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USS Richard L. Page (FFG 5)

- formerly DEG 5 -
- decommissioned -

USS RICHARD L. PAGE was the 5th ship in the BROOKE - class of guided missile frigates. Decommissioned on September 30, 1988, RICHARD L. PAGE was given to Pakistan in March 1989 where the ship was renamed TABUK.

The ex-RICHARD L. PAGE was returned to the US Navy in Singapore on January 15, 1994 . There the ship was sold for scrapping on March 29, 1994.

General Characteristics:Awarded: May 24, 1963
Keel Laid: January 4, 1965
Launched: April 4, 1966
Commissioned: August 5, 1967
Decommissioned: September 30, 1988
Builder: Bath Iron Works, Bath, Maine
Propulsion system: 2 Foster Wheeler 1,200 psi boilers, 1 GE steam turbine, 1 shaft, 35,000 total horsepower
Propellers: one
Length: 414,4 feet (126.3 meters)
Beam: 45 feet (13.5 meters)
Draft: 26 feet (7.9 meters)
Displacement: 3,425 tons
Speed: 27 knots
Aircraft: one SH-2F (LAMPS 1)
Armament: one Mk 22 Mod. 0 guided missile launcher for 16 Standard SM-1 MR, one Mk 30 5-inch/12.7cm gun, MK 32 ASW torpedo tubes (two triple mounts), one Mk 16 ASROC missile launcher
Crew: 17 Officers, 219 Enlisted

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Crew List:

This section contains the names of sailors who served aboard USS RICHARD L. PAGE. It is no official listing but contains the names of sailors who submitted their information.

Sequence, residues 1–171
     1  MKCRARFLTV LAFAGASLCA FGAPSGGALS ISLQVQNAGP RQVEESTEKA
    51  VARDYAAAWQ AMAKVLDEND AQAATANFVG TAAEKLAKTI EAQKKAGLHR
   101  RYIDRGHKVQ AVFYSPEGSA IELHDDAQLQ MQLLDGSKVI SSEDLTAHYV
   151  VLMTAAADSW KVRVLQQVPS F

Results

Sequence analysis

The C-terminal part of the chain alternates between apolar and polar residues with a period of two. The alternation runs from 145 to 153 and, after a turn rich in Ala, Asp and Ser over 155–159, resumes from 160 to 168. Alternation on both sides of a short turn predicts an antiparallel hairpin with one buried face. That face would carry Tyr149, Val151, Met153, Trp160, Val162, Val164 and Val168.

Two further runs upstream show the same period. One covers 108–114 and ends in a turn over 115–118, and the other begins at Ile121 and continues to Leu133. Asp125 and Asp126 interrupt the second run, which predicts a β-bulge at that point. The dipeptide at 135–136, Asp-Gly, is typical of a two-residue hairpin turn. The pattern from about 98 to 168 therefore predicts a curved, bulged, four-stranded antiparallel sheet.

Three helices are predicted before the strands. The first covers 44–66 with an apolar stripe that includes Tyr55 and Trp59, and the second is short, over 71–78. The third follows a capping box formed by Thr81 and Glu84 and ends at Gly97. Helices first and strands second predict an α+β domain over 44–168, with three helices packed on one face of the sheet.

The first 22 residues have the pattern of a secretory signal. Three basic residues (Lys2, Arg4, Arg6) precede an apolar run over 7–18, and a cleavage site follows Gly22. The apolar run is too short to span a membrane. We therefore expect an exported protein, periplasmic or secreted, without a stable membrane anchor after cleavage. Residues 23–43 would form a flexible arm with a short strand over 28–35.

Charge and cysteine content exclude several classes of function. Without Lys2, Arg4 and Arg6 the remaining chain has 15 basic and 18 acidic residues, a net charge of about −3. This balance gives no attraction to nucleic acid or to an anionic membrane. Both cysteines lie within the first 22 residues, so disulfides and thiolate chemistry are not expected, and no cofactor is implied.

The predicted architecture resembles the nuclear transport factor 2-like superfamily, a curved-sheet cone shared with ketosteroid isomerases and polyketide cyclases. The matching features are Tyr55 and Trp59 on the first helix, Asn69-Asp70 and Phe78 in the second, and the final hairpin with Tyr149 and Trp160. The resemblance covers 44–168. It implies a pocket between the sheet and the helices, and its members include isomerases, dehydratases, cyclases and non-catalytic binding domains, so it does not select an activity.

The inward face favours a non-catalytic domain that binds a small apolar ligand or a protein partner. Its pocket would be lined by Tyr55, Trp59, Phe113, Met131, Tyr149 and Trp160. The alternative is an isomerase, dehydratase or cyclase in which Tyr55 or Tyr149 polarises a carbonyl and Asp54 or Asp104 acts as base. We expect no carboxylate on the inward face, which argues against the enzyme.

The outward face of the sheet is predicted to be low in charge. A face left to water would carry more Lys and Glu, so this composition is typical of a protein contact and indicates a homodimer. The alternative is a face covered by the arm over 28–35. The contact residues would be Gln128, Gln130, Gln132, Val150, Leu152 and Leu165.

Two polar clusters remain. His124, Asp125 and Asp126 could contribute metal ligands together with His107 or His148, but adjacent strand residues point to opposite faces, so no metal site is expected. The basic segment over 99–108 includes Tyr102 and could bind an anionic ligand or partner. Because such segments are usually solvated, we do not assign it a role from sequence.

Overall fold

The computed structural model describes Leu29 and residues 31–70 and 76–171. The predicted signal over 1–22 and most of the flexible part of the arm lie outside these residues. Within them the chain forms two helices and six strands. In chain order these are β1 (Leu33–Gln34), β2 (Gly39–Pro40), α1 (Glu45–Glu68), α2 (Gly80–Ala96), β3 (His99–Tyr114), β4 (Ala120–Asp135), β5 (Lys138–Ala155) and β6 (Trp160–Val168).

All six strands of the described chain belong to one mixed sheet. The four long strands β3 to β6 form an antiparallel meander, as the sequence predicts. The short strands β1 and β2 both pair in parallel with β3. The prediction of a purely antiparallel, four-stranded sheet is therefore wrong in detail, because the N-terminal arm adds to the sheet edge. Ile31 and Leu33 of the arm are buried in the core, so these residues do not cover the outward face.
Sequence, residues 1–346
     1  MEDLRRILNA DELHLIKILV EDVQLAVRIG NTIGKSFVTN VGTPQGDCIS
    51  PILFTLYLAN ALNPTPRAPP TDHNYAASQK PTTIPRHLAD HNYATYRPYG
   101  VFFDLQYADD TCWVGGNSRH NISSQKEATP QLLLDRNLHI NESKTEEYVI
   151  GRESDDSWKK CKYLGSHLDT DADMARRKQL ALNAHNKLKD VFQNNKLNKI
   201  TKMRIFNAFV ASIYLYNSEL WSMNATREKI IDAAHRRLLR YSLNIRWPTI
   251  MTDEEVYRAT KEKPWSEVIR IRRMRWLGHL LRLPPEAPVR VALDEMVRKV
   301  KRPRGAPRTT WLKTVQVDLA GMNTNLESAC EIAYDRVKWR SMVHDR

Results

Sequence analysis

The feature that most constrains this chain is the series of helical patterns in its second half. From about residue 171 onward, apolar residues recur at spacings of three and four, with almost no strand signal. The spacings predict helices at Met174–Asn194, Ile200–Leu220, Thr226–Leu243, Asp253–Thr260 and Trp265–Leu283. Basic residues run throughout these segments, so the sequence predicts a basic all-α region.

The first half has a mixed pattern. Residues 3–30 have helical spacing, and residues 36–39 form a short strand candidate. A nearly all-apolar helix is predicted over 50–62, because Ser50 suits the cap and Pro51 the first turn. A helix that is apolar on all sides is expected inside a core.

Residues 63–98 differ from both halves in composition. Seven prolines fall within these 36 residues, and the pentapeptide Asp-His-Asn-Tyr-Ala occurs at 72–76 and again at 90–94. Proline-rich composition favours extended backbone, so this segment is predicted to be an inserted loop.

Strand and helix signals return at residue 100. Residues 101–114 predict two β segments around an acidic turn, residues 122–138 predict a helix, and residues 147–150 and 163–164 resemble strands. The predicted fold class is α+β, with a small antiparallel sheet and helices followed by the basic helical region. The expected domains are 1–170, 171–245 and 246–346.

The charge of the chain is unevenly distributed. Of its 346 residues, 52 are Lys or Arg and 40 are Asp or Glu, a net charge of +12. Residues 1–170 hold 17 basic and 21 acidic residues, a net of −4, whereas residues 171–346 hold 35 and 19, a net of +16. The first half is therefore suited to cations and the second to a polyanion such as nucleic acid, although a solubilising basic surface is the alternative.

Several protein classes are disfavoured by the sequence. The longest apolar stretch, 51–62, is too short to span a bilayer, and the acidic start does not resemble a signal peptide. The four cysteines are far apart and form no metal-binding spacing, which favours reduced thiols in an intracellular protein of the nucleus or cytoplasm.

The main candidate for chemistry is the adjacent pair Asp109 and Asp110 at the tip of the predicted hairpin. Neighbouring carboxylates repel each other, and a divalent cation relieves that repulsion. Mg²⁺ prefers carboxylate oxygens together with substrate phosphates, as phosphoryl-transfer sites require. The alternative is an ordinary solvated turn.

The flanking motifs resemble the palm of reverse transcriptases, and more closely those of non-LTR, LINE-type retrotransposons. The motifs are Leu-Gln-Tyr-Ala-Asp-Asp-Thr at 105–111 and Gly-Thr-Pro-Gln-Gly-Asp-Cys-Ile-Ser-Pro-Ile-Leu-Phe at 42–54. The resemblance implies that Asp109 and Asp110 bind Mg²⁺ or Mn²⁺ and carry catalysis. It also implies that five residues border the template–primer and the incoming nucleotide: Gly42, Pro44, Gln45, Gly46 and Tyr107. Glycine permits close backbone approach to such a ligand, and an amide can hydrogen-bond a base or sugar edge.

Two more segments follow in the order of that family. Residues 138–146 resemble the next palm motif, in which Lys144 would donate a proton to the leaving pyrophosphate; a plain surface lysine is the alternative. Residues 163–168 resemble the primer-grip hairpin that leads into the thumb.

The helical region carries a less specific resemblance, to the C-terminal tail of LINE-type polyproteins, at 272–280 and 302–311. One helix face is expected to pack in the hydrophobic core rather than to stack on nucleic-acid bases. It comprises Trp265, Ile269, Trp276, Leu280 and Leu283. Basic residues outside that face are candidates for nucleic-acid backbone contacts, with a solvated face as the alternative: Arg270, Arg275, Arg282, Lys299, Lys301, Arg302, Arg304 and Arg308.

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Accidents aboard USS RICHARD L. PAGE:

April 21, 1987off Virginia
RICHARD L. PAGE collides with and sinks the disabled fishing vessel CHICKADEE, which was under tow by another fishing boat, during a high-speed run in heavy fog off Virginia. The incident leads to calls for more drug testing of sailors, though no use on the PAGE is ever uncovered.

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About the Ship's Name:

Richard Lucian Page, born in Clarke County, Va., on 2 December 1807, entered the U.S. Navy as a midshipman in 1824; was promoted to lieutenant in 1834; and to commander in 1855. Sea duty, included assignments as executive officer and commanding officer of INDEPENDENCE during the Mexican War, commanding officer of the brig PERRY on the African Station 1852-54, and commanding officer of the sloop-of-war GERMANTOWN on the East Indies Station 1857-60. He also served three tours of duty ashore as an ordnance officer and one tour as executive officer at the Norfolk Navy Yard.

With the secession of Virginia, Page, then assigned to the Norfolk Navy Yard, resigned from the U.S. Navy and, after joining the staff of Governor Letcher of Virginia, began organizing a State navy and constructing fortifications along rivers of the Tidewater area.

Commissioned Commander in the Confederate Navy in 1861, he served as ordnance officer at the Norfolk Navy Yard and at Charlotte, N.C. In 1864 he was commissioned Brigadier-General in the Confederate Army and placed in charge of the outer defenses of Mobile Bay. There, he defended Fort Morgan until that fort fell to Union forces under Farragut and Granger on 23 August 1864. Page, a prisoner for the remainder of the Civil War, returned to Norfolk after his release and, from 1875 to 1883, served as superintendent of public schools. Brigadier General Page died at Blueridge Summit, Pa., on 9 August 1901.

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